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The Severability Doctrine—A Commentary by Abbe R. Gluck '00 and Michael J. Graetz

The following commentary was published in The New York Times on March 22, 2012.

The Severability Doctrine
By Abbe R. Gluck and Michael J. Graetz

The Obama administration has made a curious strategic choice in its defense of the constitutionality of the health care reform act. The central issue before the Supreme Court, which will begin hearing oral arguments on Monday, is whether the act’s requirement that everyone buy health insurance — the so-called individual mandate — exceeds Congress’s constitutional power.

The act’s other provisions regulating health insurance — like the requirement that health insurance companies take all applicants, regardless of pre-existing illnesses, and the prohibition against charging sicker patients higher rates — have not been challenged. And yet the administration is arguing that the individual mandate is not “severable” from these regulations; if the mandate falls, they must as well, and health insurance companies would once again be free to choose whom to cover.

But if the court were to strike down the individual mandate, it should stop there: that would be quite bold enough. The Supreme Court has long affirmed a “presumption in favor of severability,” meaning that when it rules that a statutory provision is unconstitutional, the decision should affect as little of the law as possible. As Chief Justice John G. Roberts Jr. said, while speaking for the court in 2010, making more extensive changes would constitute “editorial freedom” that “belongs to the legislature, not the judiciary.”

It is Congress, not the court, that has the constitutional power and responsibility to make difficult legislative policy decisions like these. By arguing against severability, the Obama administration — and the law’s opponents, who are making an even more radical claim — is urging the Supreme Court to abandon its tradition of judicial restraint, to ignore longstanding precedents and to undermine the separation of powers.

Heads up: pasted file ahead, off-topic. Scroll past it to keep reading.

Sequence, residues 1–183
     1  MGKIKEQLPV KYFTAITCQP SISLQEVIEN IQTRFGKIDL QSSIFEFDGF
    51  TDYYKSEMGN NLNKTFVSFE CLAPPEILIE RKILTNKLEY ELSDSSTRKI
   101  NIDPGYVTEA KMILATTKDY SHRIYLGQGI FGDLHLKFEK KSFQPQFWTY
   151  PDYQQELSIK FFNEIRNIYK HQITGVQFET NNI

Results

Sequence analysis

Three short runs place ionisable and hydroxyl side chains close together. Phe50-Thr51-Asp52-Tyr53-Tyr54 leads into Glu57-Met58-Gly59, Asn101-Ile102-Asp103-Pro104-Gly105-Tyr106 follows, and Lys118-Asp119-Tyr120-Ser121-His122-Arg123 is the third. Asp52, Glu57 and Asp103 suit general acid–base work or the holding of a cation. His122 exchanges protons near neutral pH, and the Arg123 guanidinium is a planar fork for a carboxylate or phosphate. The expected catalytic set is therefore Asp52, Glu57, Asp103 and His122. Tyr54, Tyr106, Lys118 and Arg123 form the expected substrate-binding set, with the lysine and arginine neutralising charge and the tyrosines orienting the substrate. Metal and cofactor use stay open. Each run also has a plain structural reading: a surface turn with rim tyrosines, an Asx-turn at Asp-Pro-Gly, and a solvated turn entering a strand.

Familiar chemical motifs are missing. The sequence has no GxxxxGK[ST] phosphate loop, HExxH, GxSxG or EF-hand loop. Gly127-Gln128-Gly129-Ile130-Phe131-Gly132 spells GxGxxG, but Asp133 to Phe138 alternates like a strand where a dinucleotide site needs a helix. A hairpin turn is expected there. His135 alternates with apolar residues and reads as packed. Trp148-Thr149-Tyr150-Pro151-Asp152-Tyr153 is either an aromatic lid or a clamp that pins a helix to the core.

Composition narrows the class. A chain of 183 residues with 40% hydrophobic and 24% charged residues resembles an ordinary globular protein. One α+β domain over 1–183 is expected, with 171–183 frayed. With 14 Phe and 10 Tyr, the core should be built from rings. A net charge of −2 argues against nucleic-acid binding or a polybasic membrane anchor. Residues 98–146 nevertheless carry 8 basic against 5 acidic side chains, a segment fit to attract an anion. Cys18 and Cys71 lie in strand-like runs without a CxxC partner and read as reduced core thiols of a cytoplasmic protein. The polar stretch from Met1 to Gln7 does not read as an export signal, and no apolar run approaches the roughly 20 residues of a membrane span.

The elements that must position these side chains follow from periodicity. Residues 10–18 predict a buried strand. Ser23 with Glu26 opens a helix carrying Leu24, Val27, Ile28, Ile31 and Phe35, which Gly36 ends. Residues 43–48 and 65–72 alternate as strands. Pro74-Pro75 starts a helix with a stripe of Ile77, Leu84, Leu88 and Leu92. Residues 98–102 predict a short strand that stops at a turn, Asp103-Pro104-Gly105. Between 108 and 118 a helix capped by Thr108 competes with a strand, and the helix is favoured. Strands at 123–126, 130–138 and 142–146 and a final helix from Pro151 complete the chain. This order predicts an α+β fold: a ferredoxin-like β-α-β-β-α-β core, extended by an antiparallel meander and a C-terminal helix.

Perhaps it comes as no surprise that the opponents of the law, which they call “Obamacare,” agree with the administration on this crucial point. They have even urged the Supreme Court to strike down the entire statute, including the act’s many provisions that have nothing to do with health insurance coverage, like those relating to doctor training and the regulation of certain drugs. They would like nothing more than for the court to save Congress the trouble of having to muster the votes to try to repeal the law.

To this end, the law’s opponents have advanced several specious arguments. Because the act is so complex, they say, the court does not have the expertise to decide whether only one provision can be excised from it. In addition, because the statute was the product of hard-fought political compromise, every provision was necessary to secure a majority of votes, and the removal of any one would upset the delicate deal that was struck.

But complexity is a key reason for the severability doctrine in the first place: it is Congress that has the expertise and responsibility to decide what should be kept absent the individual mandate. And virtually every statute reflects a bundle of political deals. If either of these arguments is accepted, it would destroy the doctrine of severability entirely.

Both the Obama administration and the law’s opponents have one argument in common. They express concern about what might happen to health insurance markets if the mandate is severed from the statute but the requirements that insurance companies cover sick patients and don’t charge them higher rates remain. If healthy people do not have to buy insurance and insurance companies are forced to cover the sick, they warn, insurance would be far more expensive. No doubt rates would rise as a result. But the size of that increase — whether it would be 10 percent or 20 percent, as some claim — is unknown, and the Supreme Court is in no position to make that judgment on its own.

It’s not clear why the Obama administration has chosen this course. Perhaps it made a strategic choice to raise the stakes of striking down the mandate by asking the court to also invalidate the law’s more popular provisions. Or it may be concerned that, if the mandate alone is struck down, there would not be enough votes in Congress to pass new provisions to compensate the insurance industry for its loss. But as a legal matter, the court should reject the argument.

We believe that imposing the mandate was within Congress’s powers to regulate commerce and that the legislation should be upheld. But if the Supreme Court strikes the mandate down, the rest of the law should stand, and Congress should have to decide what happens next.

Why should an unelected court free the insurance industry from having to do its own political lobbying work in Congress? Why should the court choose whether or not to deny injured and sick Americans health insurance? These crucial decisions must be left to our elected officials, who — unlike the Supreme Court — can then be held accountable for them by the voting public.

Abbe R. Gluck and Michael J. Graetz are professors at Columbia Law School.